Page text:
Tested: Pragmasis 22mm chain and Squire SS80CS padlock review


Date reviewed: September 2018 | Tested by: John Milbank | Price: £374.95 (1.5m) | Weight: 19.8kg (1.5m) | https://securityforbikes.com


NOTE: This chain has now been replaced by the Pragmasis Protector 25mm Titan chain reviewed here.

This Pragmasis 22mm chain is designed for home use, with huge links wrapped in a heavy-duty sleeve (zip-tied at either end) to help protect your paintwork. One end link is longer than all the others, allowing the opposite end of the chain to poke through and secure with the heavy-duty Squire SS80CS-R1 padlock.

The lock has a tough plastic body with a rubbery cover on the bottom (this flap is a little fragile as it can tear or drop out) and it comes with two keys and a security card – required for copies – offering a very high level of protection.


Tested: Pragmasis 22mm chain and Squire SS80CS padlock review


Size and weight

The Pragmasis 22mm chain and Squire SS80CS-R1 package is available in lengths from 1.0m (£294.95) to 3.0m (£514.95) in 0.5m increments. Keep in mind though that the shortest length will struggle to secure most motorcycles to a ground anchor. Also make sure your anchor is large enough to take the chain.

Rolled up, the 1.0m length covers a diameter of around 28cm, and weighs 11.8kg, meaning the 1.5m that’s our testing standard comes in at 17.6kg – with the 2.2kg padlock, that’s a total of 19.8kg.


Resistance to attack: chain

It’s generally important to be able to keep a chain as tight around the bike as possible, to help prevent a sledge-hammer attack. As this is a short-link chain (except one end), it’s not possible, but as we couldn’t do anything beyond putting light surface dents into it with a prolonged attack (on an anvil), it’s irrelevant. Even with freeze spray, this chain could not be smashed.

Bolt croppers are useless with this Pragmasis as it won’t fit in the jaws of even the largest, 42mm tool.

An angle-grinder is the only practical method of attacking this chain – using a mains-powered grinder with a 1.2mm cutting disc, it took a long time to cut through. While a determined thief will still be able to cut this product, they’ll be attracting a lot of attention for a relatively long period.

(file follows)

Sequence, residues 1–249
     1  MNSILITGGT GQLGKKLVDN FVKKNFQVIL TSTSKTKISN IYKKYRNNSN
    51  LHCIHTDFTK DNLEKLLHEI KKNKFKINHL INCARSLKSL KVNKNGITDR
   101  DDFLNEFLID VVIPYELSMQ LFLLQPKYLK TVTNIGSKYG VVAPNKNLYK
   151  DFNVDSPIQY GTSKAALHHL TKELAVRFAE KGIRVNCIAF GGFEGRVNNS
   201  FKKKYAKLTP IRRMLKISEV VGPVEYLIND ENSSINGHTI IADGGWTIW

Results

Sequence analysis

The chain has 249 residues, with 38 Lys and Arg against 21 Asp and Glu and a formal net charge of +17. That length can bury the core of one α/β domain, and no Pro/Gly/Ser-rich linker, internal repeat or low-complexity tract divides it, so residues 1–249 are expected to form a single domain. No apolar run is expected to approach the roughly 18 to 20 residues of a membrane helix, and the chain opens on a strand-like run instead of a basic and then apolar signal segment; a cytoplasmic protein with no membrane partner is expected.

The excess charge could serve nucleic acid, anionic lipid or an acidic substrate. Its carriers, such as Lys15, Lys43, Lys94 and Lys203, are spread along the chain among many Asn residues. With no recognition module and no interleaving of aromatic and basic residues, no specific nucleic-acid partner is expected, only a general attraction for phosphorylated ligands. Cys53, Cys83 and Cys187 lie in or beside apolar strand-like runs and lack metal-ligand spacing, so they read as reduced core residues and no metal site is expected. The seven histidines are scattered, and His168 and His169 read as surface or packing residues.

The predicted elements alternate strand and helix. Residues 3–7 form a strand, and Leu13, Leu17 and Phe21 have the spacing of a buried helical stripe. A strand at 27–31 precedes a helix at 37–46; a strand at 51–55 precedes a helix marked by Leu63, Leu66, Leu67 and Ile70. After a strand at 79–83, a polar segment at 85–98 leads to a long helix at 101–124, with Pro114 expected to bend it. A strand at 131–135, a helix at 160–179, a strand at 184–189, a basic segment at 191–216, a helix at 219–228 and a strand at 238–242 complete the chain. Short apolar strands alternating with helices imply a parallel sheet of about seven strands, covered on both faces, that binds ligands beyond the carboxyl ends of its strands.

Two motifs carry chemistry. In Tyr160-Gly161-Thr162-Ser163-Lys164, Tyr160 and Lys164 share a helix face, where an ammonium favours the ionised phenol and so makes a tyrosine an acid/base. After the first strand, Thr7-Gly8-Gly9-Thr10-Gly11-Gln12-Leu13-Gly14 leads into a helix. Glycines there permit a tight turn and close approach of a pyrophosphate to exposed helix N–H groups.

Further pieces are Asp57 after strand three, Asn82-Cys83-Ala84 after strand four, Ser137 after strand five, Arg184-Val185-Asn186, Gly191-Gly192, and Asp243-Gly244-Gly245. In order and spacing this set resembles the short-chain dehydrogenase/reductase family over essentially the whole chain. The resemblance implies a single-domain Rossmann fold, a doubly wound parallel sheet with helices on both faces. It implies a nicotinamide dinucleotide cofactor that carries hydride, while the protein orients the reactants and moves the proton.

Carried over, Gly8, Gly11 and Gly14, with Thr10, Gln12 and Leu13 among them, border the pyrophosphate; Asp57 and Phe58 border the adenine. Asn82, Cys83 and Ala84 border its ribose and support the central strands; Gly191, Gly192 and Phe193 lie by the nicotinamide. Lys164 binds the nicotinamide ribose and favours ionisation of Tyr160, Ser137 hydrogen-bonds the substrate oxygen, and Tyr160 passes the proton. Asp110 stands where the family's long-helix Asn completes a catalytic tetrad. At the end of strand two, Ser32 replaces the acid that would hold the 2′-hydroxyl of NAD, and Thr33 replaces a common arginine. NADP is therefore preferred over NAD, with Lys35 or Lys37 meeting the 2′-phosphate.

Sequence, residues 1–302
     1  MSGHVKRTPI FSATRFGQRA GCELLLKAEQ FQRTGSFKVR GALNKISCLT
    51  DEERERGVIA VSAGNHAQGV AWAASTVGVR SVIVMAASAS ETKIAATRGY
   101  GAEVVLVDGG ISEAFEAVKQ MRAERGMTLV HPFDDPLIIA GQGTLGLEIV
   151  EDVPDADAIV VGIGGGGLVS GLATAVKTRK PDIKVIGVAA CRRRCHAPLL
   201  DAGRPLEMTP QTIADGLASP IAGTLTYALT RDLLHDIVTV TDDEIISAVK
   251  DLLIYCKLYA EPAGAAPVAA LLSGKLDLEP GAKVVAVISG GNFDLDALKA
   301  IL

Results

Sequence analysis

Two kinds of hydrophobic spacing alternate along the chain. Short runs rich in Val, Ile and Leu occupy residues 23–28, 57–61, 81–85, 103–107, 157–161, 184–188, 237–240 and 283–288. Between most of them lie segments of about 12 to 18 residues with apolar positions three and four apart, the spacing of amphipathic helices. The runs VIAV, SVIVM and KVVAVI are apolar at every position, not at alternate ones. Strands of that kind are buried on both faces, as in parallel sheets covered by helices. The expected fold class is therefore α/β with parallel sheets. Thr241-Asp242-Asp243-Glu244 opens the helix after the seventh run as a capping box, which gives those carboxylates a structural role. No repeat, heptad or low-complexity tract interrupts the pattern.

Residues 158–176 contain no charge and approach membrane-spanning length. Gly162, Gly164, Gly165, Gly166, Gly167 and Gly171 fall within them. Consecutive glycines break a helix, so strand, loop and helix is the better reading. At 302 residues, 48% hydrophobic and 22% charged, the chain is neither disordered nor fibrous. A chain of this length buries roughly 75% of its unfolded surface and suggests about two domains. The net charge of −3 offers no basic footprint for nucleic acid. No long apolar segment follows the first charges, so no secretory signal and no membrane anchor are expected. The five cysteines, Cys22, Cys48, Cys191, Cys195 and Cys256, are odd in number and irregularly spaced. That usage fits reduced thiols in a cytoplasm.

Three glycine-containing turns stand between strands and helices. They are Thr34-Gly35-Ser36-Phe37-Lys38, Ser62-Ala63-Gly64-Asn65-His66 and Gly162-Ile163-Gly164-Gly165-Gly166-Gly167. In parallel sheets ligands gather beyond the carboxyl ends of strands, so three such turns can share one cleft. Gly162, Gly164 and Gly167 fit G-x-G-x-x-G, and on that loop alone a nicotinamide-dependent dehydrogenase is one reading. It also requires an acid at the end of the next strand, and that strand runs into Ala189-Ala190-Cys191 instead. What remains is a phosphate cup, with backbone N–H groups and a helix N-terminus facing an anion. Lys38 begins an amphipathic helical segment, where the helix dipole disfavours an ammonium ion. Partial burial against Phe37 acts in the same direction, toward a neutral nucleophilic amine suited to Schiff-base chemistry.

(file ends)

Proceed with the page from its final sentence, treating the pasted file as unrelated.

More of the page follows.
Resistance to attack: padlock

Bolt croppers are irrelevant with this well-made lock, and a sledge hammer does nothing more than distort the body. An angle-grinder could cut through the thick shackle, but the chain gets in the way of this form of attack; the chain is what a criminal will target.

It’s very unlikely that any motorcycle thief is going to attempt to pick a lock, and even a very highly skilled one would struggle with this Squire SS80CS-R1, but a higher-spec SS80CS-NW4 padlock is available with a ‘dimple’ cylinder for an extra £50.


To understand how best to use your lock, click here




Product: Pragmasis 22mm with Squire SS80CS

Size tested: 1.5m

Weight as tested: 19.8kg

Rolled diameter: 28cm (1.0m)

Bolt cropper attack: GOOD

Sledge hammer attack: GOOD

Angle grinder attack: OUTSTANDING



If you need the highest level of security, a hefty chain like this is about the best you can get. This is the joint-toughest combo we’ve tested so far, matched only by Pragmasis’ 22mm chain with RoundLock.

With its high level of resistance to an angle-grinder, as well as the fact it can’t be smashed with a sledge hammer (some other hard chains can), it’s well worth considering, though keep in mind that the RoundLock version is cheaper, and has the benefit of the padlock also doubling as a disc lock when you’re out on the bike.


To see the other chains and locks tested by BikeSocial, click here


Find out how and why we did this test

Consumer editor John Milbank explains how you can get the best out of your chain and lock, and how this test was done